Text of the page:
“Racing has always been a big part of my life. It’s my passion. All the work I put in is to become the best. I am a competitor and will not rest till I get what I am after.”
The Armco barrier-lined circuit leaves no margin for error, demanding more concentration that any other Formula One track. Cars run with maximum downforce and brakes are worked hard. Overtaking is next to impossible so qualifying in Monaco is more critical than at any other Grand Prix.
The Portier corner is key to achieving a good lap time around Monaco. It is preceded by the Loews hairpin, the slowest corner in Formula One, and followed by the tunnel, one of the few flat-out sections of the track. Some great names have ended their races in the barriers here, most notably Ayrton Senna and Michael Schumacher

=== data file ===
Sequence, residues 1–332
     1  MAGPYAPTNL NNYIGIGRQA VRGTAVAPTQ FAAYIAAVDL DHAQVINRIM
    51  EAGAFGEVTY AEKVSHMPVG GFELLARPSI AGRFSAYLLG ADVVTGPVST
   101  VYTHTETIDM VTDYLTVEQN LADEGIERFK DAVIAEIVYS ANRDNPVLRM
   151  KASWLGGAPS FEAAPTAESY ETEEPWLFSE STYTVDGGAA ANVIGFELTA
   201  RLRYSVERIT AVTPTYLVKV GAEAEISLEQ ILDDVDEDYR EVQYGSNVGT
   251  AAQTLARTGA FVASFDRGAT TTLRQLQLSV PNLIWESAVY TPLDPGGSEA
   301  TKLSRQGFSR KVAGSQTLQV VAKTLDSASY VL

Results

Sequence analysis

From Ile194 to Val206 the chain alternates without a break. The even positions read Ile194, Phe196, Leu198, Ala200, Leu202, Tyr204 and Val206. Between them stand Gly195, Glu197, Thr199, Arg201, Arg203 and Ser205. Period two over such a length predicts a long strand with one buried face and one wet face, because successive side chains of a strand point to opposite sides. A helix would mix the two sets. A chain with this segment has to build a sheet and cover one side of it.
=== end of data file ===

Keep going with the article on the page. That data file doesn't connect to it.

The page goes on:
Sickly members of the English and French aristocracies used to travel to the south of France ‘to take the air and recuperate’. While the Cote d’Azur may no longer be the exclusive destination of the rich, there is still something magical – even medicinal – about the air and scenery.
Beaches and mountains are both within easy reach of Monaco. The Alpes Maritimes line the coast and are a great challenge for walkers and cyclists alike. Cannes is a stone’s throw to the west and Nice is linked to Paris by the high-speed TGV train, so you can be in the capital in no time.